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Seeing Red: Buffett, Others Clash On Danger Posed by U.S. Debt

The economic future is good, Warren Buffett says before a screening of
The economic future is good, Warren Buffett says before a screening of "I.O.U.S.A." (By Nati Harnik -- Associated Press)
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Washington Post Staff Writer
Saturday, August 23, 2008; Page D01

OMAHA, Aug. 22 -- Two long-term views of the U.S. economy were on vivid display at a town hall meeting here Thursday night, with the world's richest person on one side and pretty much everybody else on the other.

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If there is general agreement that times are tough in the short term -- the markets are flighty, foreclosures are widespread and jobless claims remain high -- there is sharp disagreement on what the future holds.

Some, such as super-investor Warren E. Buffett, believe that the economy is merely experiencing a "correction" and that subsequent generations of Americans will have a much higher standard of living than those alive today.

Others, such as David M. Walker -- former U.S. comptroller general and a traveling Cassandra on the perils of the mounting national debt -- fear that the economy is at an inflection point and could be headed toward disaster if something isn't done, immediately.

So the two sides went at it Thursday night, while taking questions from an audience of about 2,000 Omahans who had been given tickets to the event; the whole affair was beamed live to more than 400 theaters around the country to viewers who had paid to watch five men in suits debate the severity of the national debt.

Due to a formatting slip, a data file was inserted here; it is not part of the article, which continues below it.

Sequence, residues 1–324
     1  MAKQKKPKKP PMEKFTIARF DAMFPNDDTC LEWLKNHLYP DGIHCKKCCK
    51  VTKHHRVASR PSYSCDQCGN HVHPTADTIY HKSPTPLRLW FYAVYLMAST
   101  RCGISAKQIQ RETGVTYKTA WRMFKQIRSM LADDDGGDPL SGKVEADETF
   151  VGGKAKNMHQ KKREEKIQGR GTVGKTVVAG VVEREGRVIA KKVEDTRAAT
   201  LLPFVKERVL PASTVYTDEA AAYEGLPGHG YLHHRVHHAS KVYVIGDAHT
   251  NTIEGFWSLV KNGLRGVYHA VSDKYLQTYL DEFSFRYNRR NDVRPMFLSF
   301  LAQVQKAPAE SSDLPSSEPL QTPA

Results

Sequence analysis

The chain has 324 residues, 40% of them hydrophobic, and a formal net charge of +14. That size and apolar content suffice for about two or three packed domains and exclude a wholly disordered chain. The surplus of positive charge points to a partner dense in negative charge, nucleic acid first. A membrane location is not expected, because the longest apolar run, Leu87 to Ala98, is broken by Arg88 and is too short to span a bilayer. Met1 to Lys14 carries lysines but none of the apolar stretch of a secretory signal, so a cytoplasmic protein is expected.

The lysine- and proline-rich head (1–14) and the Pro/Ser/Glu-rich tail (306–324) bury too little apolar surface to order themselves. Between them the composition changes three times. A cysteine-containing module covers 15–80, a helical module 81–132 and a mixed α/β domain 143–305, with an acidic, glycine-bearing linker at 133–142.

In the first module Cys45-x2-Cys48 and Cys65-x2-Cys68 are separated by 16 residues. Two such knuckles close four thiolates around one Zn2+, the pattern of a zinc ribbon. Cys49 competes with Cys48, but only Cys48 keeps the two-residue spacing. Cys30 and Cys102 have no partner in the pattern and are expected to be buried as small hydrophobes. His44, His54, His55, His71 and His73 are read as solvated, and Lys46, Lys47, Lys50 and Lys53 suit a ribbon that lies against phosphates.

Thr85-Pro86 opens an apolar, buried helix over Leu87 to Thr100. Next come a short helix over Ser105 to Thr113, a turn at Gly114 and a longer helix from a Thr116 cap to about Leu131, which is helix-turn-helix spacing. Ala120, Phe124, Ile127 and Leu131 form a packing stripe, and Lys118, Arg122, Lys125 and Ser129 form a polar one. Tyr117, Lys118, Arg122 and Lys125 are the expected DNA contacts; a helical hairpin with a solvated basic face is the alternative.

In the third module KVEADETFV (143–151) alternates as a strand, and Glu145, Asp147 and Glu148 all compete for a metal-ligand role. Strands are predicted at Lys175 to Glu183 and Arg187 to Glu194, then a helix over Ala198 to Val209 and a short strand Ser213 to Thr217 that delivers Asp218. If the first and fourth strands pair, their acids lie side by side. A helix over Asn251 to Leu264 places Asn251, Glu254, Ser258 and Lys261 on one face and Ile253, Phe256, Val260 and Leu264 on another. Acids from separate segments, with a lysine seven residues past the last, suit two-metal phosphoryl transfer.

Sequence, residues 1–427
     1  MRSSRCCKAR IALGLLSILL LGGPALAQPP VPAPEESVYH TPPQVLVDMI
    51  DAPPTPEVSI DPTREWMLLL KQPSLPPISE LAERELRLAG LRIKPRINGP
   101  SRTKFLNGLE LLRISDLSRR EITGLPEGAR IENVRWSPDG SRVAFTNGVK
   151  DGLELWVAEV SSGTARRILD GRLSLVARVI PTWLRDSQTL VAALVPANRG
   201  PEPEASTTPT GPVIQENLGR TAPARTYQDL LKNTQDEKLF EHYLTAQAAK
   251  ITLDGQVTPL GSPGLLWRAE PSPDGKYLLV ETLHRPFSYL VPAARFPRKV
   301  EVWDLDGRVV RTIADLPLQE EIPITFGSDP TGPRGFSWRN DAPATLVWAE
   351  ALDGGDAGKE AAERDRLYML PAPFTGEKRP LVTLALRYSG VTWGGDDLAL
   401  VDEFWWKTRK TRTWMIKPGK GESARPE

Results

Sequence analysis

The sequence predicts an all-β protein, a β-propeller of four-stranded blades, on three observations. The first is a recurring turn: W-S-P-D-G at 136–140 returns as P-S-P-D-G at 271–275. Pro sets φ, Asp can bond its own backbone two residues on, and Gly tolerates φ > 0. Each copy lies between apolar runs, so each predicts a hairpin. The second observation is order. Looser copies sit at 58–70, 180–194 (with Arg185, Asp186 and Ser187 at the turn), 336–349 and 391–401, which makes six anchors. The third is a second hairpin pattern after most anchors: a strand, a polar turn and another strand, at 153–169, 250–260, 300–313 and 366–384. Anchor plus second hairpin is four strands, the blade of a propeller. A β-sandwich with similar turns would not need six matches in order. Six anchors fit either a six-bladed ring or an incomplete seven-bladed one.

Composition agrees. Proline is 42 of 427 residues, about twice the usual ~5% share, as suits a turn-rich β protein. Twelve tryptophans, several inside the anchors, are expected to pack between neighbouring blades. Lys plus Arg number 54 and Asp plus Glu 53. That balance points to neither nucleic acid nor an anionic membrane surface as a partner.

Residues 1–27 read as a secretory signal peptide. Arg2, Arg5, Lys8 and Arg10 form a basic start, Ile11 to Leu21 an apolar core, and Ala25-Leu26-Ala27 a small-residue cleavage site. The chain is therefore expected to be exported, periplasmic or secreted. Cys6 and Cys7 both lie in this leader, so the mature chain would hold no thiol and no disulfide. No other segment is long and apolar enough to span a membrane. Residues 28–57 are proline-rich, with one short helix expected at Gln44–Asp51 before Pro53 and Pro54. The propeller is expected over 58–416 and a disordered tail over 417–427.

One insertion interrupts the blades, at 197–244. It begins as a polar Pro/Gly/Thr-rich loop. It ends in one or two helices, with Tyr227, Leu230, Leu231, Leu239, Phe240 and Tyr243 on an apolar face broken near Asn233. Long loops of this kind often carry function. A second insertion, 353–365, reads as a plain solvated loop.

The town hall discussion was the second half of an evening's worth of entertainment, which began with the premiere of "I.O.U.S.A.," a documentary on the national debt starring Walker and featuring Buffett and other notable thinkers on the economy.

The film's premise: The current national debt stands at more than $9.6 trillion, which represents about 66 percent of gross domestic product. This in itself is not a ruinous figure, the film says, and most economists agree.

However, Walker says in the film, if you total all of the government's current unfunded liabilities, the United States is actually in a $53 trillion hole.

Worse, Walker says, the coming boomer retirees represent a shock to the system, given their demands on Social Security, Medicare and Medicaid. These -- especially the cost of government-subsidized health care -- will push the national debt to 244 percent of gross domestic product by 2040, possibly leading to economic catastrophe.

Buffett disagreed, and spent a lot of time Thursday night talking about pie.

"Since 1982, we have added 25 million-plus jobs in this country; we will have a larger pie," Buffett said. "People will be fighting over the pie, but that's a wonderful thing. Even if we grow at 1 percent per year, we double the GDP per capita in 75 years. The pie will grow enough that everyone will get more of the pie."

Toward the end of the panel, Walker -- the debt crusader -- had had enough. He was visually champing at the bit to rebuff Buffett.


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